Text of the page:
Lien*This article is intended for informational purposes only, and should not be construed as legal advice.
The court system often uses legal terms that the general public doesn’t always understand. Other times, it uses familiar terms in unfamiliar ways. In these circumstances, pop culture does the legal system no favors. Where terms like “arson,” “jail” and “guilt” frequently appear on crime shows, they have more complex definitions than those shows might suggest.
Such is the case for the term “liens.” While less commonly used in crime shows, this term frequently appears in a courtroom setting.
If you conduct a PeopleFinders criminal records check and you find the word “liens,” don’t make any assumptions about what the word may mean. You’ll need to take the context and definition into account to better understand the data with which you’ve been presented.
What is a Lien?
Liens are legal documents that award another party – be that a person or an institution – the right to property you own. One example of a lien includes a mortgage, wherein you’re paying off a bank to maintain your home.
Liens are neither positive nor negative. They can allow external parties to protect your property, should you not be able to take care of it. However, they can also damage your credit if not attended to. A lienholder, or the lender who initially allowed you to sign a lien, can also repossess the property you gave them the right to if you are unable to pay them back for their support.
Where Do Liens Come From?
Liens can arise due to action you take in collaboration with another person or institution, or they can come into existence at the will of a court.
What Are the Different Types of Liens?
There are several different types of liens, including:
- Home Loans – One of the most common liens is a home lien. Home liens help you initially afford to purchase a home. Once fulfilled, you’ll be expected to pay back your lienholder or else see your home foreclosed and resold.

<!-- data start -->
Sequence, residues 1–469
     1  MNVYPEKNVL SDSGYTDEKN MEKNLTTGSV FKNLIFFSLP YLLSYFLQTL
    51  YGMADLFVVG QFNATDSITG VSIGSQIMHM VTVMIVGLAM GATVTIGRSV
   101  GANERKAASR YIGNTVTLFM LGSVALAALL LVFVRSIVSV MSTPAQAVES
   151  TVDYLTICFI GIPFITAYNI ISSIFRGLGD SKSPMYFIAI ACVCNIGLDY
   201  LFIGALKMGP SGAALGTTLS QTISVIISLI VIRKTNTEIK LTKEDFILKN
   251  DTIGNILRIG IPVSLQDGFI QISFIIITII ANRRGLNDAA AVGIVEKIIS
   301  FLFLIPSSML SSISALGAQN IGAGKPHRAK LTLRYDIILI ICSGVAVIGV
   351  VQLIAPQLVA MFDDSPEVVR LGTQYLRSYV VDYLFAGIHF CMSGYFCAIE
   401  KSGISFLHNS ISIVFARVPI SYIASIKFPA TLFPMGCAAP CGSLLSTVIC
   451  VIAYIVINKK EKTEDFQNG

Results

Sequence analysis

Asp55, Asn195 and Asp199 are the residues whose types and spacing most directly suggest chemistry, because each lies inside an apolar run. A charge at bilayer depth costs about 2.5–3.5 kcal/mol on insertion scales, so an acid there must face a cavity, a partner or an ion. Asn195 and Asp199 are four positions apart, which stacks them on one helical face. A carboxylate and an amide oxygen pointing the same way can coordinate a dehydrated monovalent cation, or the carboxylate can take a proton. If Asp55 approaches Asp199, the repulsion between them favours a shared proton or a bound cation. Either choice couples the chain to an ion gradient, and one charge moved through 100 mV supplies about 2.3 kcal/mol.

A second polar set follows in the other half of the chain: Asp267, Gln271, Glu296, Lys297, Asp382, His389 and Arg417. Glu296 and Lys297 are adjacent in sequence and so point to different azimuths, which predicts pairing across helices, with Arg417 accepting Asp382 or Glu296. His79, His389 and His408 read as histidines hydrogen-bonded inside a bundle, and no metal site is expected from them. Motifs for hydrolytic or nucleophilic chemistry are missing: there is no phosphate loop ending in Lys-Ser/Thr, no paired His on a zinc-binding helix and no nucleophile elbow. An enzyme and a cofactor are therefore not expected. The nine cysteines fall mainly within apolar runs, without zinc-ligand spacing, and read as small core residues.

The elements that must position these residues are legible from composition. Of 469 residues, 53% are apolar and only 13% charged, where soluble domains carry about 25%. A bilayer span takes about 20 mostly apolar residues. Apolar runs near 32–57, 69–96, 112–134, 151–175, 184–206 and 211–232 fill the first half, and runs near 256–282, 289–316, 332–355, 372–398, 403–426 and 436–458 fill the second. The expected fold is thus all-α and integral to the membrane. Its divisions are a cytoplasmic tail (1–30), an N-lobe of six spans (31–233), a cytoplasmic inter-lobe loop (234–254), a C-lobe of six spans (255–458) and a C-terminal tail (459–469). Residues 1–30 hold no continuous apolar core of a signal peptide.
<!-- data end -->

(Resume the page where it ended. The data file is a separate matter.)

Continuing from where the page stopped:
- Auto Loans – Auto loans work similarly to home loans and liens. You can use a loan and lien to purchase a vehicle. Once that purchase has been completed, you’ll be expected to pay back your loan with the lien serving as collateral. Should you fail to make continuous payments, including interest, your lienholder can use the lien to repossess your vehicle.
- Mechanics Liens – If you need to hire contractors or mechanics to work on your property (be it a car or a home), you can take out mechanic’s liens to pay for their services. Mechanic’s liens are most often controlled by the contractors themselves instead of a bank. However, the payment process will work the same. Should you fail to pay the contractors what you owe them, they’ll be able to take your lien into court and seize possession of your shared property or dues.
- Judgment Liens – If you’ve been taken to court and lost a case, the person to whom you lost the case may allow you to pay dividends to them via loan and lien. These liens will help you pay legal fees whether or not you have the funds immediately available – however, they may cost you some of your property.
- Tax Liens – Your state and local government can use a lien to collect your unpaid taxes.
How Do You Remove a Lien?
If you’re looking to disentangle yourself from a lien, you can take one of several different paths, including:
- Pay It – If there is no way for you to contest a lien, it’s your responsibility to pay it off. Once you pay the debts, you’ll be able to remove your lien from your record. Alternatively, you can sell the property attached to your lien to see it immediately removed.
- Settle It – If you don’t have enough money to pay off your lien, and you don’t want to sell the property you have attached to it, you can try to negotiate with the creditor who issued you the lien. Creditors who have been working with you for a long time may accept a lump sum as opposed to a stretched-out payment simply to move on from the lien.
- Correct It – If you do not think the lien was legally bound to you, you’ll need to get in touch with the person or body that holds the lien to have it corrected. For example, if a creditor incorrectly attributes another person’s car loan to you after you’ve bought a used car, you’ll need to get in touch with the creditor to have the lien removed.
- Dispute It – If the lienholder refuses to acknowledge that a lien may be illegitimate, you may have to take the holder to court.
What Does It Mean If A Lien Appears On A Criminal Records Report?
If a PeopleFinders criminal records report notes that your subject has a lien on file, this could mean a variety of things. At first glance, you’ll know your subject has shared property with another party, and that sharing has been accounted for by a legal authority. You’ll need to read more of the report to understand what property has been shared, who the other party is and how your subject has been impacted by their lien.